Forums · General English Grammar & Vocabulary, Listening & Speaking · General English Grammar Questions
Do I spell the word "recommended" with two Ms or just one? (I am aware that its one M, but why?).
Most of the time you can sound out a word to figure out a repeated consonant or vowel or you can target the syllables. However, since the English language is not a one-to-one phonetic language, then not every scenario is accurate.
What's the golden rule?
MatskoI am aware that its one MNo. It's two m's.
There is no general rule.
panel has one n. flannel has two n's. These rhyming words should both take the same pattern!
The least often doubled are h, j, k, q, v, w, x, y. It would be a rare word that contained a doubling of one of these consonants.
In the case of Latinate verbs, doubling is a little more predictable. Many of these consist of a prefix (or two) and a root. Unfortunately, you have to have a good knowledge, or at least a good intuition, about Latin prefixes and roots. All in all, it is probably not worth the trouble to learn all the rules.
Nevertheless, it may be instructive to examine a few cases.
Prefixes: re, com. Root: mend. recommend You need one m for the prefix com and another m for the root mend.
Prefixes: de, con. Root: struct. deconstruct No doubling required.
Prefixes: dis, con Root: nect disconnect One n for the prefix; another n for the root.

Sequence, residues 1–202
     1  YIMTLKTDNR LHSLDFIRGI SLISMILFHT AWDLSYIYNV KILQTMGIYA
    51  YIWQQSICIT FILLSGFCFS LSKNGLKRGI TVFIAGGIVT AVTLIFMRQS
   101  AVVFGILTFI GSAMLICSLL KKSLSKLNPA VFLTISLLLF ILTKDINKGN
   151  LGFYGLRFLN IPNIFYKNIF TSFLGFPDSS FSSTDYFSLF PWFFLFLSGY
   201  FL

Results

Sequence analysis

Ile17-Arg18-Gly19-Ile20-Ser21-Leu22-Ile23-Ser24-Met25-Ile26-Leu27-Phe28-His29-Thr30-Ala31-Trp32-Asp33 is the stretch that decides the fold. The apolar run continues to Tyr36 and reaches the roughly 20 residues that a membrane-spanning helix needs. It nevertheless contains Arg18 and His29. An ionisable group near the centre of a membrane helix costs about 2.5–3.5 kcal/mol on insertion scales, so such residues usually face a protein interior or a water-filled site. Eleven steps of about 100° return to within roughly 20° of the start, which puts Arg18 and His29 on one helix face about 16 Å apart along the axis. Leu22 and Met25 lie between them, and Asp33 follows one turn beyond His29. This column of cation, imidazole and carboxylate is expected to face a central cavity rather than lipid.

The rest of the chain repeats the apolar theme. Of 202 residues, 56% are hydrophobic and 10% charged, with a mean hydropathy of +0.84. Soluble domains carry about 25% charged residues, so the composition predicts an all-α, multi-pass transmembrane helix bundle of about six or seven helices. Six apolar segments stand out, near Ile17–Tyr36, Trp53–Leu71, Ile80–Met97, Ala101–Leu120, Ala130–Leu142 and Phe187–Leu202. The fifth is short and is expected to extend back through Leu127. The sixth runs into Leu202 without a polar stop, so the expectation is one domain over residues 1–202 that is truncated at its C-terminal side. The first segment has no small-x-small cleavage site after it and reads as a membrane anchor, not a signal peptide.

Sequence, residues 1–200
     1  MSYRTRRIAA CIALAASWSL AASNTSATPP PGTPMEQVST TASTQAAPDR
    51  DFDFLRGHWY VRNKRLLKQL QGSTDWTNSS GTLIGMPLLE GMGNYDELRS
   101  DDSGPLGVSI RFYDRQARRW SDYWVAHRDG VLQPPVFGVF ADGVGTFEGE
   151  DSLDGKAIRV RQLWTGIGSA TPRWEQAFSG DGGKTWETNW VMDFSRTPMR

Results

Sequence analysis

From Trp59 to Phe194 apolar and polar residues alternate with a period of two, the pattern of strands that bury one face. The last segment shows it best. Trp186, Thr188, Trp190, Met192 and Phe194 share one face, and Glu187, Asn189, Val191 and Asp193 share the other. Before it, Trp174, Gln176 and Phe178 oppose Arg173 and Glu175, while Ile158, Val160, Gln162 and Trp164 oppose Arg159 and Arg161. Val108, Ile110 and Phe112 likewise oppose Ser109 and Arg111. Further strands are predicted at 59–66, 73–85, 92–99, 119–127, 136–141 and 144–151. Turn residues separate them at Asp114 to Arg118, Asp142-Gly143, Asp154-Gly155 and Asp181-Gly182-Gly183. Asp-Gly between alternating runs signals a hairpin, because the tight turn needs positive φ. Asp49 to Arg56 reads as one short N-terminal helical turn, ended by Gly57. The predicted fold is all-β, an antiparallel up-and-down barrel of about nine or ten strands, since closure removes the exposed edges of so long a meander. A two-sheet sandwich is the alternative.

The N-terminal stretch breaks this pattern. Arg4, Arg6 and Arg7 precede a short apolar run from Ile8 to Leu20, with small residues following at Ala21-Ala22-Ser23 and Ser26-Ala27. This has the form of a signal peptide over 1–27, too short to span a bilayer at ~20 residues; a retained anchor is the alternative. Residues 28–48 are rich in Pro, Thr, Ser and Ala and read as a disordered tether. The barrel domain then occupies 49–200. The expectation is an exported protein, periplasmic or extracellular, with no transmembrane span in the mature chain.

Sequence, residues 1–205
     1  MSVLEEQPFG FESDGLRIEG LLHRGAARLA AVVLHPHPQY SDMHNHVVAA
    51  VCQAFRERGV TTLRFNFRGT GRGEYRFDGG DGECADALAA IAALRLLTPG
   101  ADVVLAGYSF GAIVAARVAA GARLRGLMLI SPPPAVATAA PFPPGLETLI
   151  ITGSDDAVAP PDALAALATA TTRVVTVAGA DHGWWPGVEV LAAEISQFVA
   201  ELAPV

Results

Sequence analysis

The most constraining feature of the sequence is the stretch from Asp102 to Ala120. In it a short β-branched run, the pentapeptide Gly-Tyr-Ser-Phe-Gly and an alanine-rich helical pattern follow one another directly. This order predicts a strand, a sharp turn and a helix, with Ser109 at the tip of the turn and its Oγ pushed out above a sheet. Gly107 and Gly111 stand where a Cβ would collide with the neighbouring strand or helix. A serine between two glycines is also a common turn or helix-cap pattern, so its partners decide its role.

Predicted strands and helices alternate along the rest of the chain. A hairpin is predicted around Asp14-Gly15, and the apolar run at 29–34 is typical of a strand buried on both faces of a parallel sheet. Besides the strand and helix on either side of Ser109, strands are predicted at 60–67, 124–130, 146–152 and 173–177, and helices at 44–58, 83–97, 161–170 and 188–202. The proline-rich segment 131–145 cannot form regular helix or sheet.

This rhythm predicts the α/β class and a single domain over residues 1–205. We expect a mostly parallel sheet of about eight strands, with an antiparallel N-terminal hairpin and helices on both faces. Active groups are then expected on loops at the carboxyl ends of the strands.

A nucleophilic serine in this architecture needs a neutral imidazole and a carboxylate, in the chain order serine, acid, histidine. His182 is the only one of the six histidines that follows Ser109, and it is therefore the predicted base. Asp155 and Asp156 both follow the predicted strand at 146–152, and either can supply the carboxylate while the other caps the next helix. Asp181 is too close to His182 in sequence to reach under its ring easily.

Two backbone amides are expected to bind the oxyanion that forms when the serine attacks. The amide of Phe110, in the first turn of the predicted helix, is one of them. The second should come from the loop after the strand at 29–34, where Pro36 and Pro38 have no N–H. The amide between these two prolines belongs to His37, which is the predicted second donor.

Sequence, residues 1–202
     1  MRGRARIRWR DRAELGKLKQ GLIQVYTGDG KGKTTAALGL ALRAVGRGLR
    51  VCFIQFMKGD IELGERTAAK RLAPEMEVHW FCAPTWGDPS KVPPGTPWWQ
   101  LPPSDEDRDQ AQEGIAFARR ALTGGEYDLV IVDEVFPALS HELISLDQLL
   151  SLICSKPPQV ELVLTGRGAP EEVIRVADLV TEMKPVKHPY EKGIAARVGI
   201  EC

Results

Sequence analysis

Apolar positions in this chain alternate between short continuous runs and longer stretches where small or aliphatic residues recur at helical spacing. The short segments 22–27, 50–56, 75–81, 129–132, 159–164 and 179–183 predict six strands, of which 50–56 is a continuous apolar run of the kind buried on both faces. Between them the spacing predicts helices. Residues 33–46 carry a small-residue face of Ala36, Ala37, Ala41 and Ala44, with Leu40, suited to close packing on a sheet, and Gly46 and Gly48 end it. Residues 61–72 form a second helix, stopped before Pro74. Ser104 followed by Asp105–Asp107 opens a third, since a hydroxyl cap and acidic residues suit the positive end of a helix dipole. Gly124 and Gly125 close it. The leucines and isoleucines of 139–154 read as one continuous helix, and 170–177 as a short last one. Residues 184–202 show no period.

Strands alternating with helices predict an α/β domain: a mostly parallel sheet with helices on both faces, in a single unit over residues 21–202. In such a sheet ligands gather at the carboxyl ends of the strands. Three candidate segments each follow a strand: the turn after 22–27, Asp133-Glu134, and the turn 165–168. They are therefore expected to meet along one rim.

Prefix: op Root: pose oppose One p for the prefix; another p for the root.
Prefix: im Root: merse immerse One m for the prefix; another for the root.
Prefixes: ac, com Root: mod Suffix: ate accommodate One c for the first prefix; one for the next prefix. One m for the second prefix; another for the root.
Watch for these related groups of prefixes that are associated with doubled consonants:
col, cor, com, con; il, ir, im; op, oc, of; sup, suf; ac, af, ag, al, an, ap, ar, as, at
collect, correct, commend, connect, illegal, irregular, immerse, oppose, occur, offer, suppose, suffer, accede, affect, aggregate, allay, announce, approve, arrange, assault, attract.
There is no prefix am or om before m. These are reduced to a and o, so there is no doubling: amend, omit. The same applies to av and ov. avoid, overt.
Don't confuse the Latinate ac, af, ag, etc. with the "native English" prefix a, which connects with "native English" roots: awake, asleep, ago, awry, about, around, aloud, ... These never have doubling.
These comments just give a rough idea of a few of the sorts of ideas that underlie the patterns of doubled consonants in English.
People are waiting to help.
Live chatRegistered users can join here
Related forum topics:
No vowels?Words without vowels?Rules for doubling consonants in inflected forms?Voiceless Sound vs Voiced Sound (Phonetics)?SPELLING?double words?vowel length distinction before voiced or unv....Unreleased final consonants?Vowels, consonants and class?Linking two consonants/diphthongs ???Thus it explained spelling, grammar, phonetics,...Long instead of short vowelsDouble consonants f, l, k, s, z in verb's...Commonly mispronounced words?(phonetics ) one sample sentence for all vowelsVowels?How can I make voiced consonants in natural and...Consonants?